Trapped by Traffickers: Fleeing Rohingya Held Captive on the Thai Border
By Alan Morison and Chutima Sidasathian,
Sunday, December 9, 2012
PHUKET: Rohingya fleeing ethnic cleansing and starvation in Burma are
driving a surge in business for people traffickers on the Thai border
The would-be refugees, who arrive by boat, are imprisoned in primitive
conditions until someone pays for their passage across the border into
Recently, the people smugglers' fees have risen to the equivalent of
50,000 baht or even 60,000 baht per person. Brokers have been chasing
''investors'' in a widening circle, even on Phuket or in Bangkok.
If the fee is not met, Rohingya are usually indentured to work on
fishing trawlers for up to 12 months to pay off their broker bond the
Virtually all authorities on both sides of the Thailand-Malaysia border
take a cut from the fee. The broker usually only pockets 10,000 baht per
person as profit.
A rapidly increasing number of Muslim-minority Rohingya are fleeing
Rakhine state, where so-called community violence since June has led to
at least 170 deaths and the torching of thousands of houses.
Dispossessed Rohingya are being penned in rough camps, where conditions
have shocked United Nations visitors and where many young children are
reported to be on the verge of starvation.
At least one boat a day now leaves the region, its passengers consisting
of men and teenage boys hoping for sanctuary and a fresh start in
The tacitly-sanctioned ethnic cleansing has brought a dramatic increase
in the number of departures. But the penning of the Rohinya in tens of
thousands in Burma means they have been unable to make even an
impoverished living for months.
So when the telephone call inevitably comes from a trafficker asking for
the fee to facilitate the final step of an illegal passage to
Malaysia, more families are these days unable to raise the money.
Hundreds of Rohingya are reported to spend time in captivity in the Thai
province of Satun, awaiting the chance to make a crossing to Malaysia
once the broker's fee is delivered.
However, with fewer people able to pay up, more Rohingya are believed to
be forced to work on trawlers in conditions that amount to slavery at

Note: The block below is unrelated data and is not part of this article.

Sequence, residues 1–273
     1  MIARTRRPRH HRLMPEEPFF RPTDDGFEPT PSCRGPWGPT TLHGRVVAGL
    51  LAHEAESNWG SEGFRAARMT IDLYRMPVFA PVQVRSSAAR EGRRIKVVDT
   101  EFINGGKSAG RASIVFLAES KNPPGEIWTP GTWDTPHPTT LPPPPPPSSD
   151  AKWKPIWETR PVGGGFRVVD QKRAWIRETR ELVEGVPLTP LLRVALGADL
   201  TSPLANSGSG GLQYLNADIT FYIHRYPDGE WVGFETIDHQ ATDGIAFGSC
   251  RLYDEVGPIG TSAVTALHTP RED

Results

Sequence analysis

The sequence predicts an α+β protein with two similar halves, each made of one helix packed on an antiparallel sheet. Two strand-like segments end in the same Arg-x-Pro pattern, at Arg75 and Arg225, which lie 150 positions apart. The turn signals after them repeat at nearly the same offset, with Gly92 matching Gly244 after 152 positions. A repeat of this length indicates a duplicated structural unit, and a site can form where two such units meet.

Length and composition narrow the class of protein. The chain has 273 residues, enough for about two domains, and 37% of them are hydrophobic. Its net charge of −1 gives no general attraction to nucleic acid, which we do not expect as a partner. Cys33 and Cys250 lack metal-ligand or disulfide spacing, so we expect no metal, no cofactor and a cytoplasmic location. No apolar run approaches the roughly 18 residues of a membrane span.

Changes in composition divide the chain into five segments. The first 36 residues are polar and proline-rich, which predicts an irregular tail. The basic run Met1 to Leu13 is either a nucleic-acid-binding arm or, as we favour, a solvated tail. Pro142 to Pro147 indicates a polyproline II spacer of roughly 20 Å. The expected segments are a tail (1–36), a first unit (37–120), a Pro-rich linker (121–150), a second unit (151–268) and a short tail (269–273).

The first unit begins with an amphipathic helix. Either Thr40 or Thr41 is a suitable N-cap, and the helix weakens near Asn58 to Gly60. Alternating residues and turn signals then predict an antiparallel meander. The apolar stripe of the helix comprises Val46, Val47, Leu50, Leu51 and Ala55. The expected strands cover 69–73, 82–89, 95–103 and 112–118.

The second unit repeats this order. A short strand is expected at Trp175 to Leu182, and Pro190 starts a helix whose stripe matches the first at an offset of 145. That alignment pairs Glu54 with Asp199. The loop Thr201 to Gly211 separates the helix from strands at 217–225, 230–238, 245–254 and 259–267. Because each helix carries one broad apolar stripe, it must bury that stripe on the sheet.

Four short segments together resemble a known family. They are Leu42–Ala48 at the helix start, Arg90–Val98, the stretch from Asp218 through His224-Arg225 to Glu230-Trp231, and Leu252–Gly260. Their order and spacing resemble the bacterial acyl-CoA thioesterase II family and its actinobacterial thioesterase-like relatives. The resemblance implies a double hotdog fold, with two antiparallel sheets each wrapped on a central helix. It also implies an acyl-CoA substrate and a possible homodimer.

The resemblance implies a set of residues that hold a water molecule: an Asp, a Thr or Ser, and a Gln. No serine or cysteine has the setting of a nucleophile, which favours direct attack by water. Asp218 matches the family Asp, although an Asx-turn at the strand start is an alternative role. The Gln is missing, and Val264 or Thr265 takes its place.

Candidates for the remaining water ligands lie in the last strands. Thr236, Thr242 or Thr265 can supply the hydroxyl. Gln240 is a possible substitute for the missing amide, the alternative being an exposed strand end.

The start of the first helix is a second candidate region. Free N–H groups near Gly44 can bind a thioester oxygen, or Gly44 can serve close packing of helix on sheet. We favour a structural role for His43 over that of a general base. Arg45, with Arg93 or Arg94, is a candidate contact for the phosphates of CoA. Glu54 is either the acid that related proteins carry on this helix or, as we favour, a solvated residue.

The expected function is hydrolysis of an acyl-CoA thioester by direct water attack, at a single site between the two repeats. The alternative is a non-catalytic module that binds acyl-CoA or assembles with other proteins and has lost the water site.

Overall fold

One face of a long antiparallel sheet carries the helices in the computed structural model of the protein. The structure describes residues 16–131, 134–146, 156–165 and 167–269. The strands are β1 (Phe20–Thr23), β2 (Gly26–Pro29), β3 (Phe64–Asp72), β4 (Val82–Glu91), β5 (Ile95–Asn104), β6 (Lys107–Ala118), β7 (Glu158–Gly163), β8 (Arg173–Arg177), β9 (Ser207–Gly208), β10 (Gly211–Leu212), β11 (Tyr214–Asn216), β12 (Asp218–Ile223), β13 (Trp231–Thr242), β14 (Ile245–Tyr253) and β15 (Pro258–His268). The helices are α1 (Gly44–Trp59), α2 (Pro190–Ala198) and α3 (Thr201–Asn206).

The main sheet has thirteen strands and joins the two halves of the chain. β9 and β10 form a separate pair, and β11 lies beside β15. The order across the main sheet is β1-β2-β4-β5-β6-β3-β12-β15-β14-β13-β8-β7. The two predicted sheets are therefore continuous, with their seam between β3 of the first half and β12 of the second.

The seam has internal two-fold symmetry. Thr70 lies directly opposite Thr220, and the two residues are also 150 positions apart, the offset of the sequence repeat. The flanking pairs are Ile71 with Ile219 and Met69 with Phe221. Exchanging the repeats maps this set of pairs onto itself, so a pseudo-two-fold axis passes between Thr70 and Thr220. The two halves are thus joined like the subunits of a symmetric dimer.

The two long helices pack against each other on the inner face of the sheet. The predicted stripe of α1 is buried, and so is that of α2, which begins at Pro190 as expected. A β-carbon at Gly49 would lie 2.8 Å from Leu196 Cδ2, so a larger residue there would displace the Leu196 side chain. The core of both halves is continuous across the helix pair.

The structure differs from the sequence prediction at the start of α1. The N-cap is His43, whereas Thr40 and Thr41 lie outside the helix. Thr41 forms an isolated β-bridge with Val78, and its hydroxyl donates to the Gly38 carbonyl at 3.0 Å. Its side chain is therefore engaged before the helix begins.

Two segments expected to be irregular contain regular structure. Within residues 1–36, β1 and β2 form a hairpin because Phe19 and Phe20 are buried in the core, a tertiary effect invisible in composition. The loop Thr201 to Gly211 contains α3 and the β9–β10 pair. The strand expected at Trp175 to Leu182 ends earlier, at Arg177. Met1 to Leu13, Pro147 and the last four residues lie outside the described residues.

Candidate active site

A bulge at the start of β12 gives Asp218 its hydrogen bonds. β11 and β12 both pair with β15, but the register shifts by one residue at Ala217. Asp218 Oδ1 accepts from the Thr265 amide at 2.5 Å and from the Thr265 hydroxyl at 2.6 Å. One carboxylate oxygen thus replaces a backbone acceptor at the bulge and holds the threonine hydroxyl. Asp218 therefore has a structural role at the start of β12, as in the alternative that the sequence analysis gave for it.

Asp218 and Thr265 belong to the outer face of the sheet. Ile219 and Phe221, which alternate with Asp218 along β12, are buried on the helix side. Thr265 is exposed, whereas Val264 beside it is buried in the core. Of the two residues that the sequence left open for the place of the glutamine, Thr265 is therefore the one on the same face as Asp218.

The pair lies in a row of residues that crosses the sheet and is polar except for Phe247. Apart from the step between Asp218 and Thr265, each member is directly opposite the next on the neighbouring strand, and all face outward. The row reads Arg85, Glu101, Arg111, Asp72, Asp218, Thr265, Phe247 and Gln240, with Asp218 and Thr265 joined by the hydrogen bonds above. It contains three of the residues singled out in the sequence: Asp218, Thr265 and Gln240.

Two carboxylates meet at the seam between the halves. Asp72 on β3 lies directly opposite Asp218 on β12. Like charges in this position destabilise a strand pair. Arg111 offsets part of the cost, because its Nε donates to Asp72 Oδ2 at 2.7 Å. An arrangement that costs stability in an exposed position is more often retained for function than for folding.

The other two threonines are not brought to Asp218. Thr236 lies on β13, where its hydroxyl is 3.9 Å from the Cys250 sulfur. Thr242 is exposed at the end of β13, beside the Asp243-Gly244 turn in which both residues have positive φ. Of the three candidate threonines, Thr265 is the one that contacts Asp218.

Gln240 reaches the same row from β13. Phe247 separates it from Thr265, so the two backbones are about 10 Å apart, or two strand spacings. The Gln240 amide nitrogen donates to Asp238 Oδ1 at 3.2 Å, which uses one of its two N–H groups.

Survivors have told of being kept at work on the Andaman Ocean for as
long as 12 months without a break, with supply tenders replenishing food
and taking off loads of fish.
''People who arrive in Satun expecting to have to pay a fee are usually
only kept under armed guard for a night or two,'' an informed contact
''They then cross the border, either by boat or simply walking through
jungle trails, depending on where they are being kept prisoner. Most of
the traffickers operate from plantations.
''Once in Malaysia, the Rohingya will usually be picked up by car and
deposited at the door of relatives, whether in Kuala Lumpur or some
''But those who can't raise the entrance money have a problem.''
With increasing numbers taking to boats and with cash short among
Rakhine Rohingya, more teenagers and young men are thought to now be
forced into slavery at sea. Others become guards or act as agents for
As a result of the boom in supply and the lack of money, brokers have been hastening to clear the bottleneck.
''We have been contacted,'' a Rohingya source on Phuket told Phuketwan last week. ''We don't have any relatives involved.
''But the traffickers are determined to find the money any way they can to make room for the next boatload.''
In the past, non-Rohingya Muslim groups on Phuket have raised money to free young men who otherwise would have been sent to sea.
Although the system is iniquitous, Rohingya and NGOs accept it as better
than the alternative: a hopeless future for many in Rakhine state,
where the message of race-hate against the despised Rohingya is now
openly reinforced by officials at every level.
All the Asean countries bordering the Andaman Sea along with India are
part of a conspiracy to keep their sordid part in the Rohingya tragedy
Burma's neighbors no longer openly report the arrival of Rohingya.
At least seven boatloads are said to have arrived on the Malaysian
holiday island of Langkawi in recent weeks, with others likely to have
landed north and south of the Thai holiday island of Phuket.
Those who land far enough south of Phuket are reported to be transported to Satun and delivered to people smugglers.
Those who are captured north of Phuket are returned to Ranong, a port on
the border with Burma, where they too are transferred to traffickers.
As stateless people without citizenship and unwanted in Burma, the Rohingya are seldom transported back to Rakhine.
Most often, those apprehended in Thailand north of Phuket are recorded as ''Burmese'' to prevent alarming NGOs or the media.
The surge of Rohingya in the border bottleneck is expected to grow
between now and April when the monsoon season makes the perilous voyage -
which can be deadly at any time - too dangerous even for desperate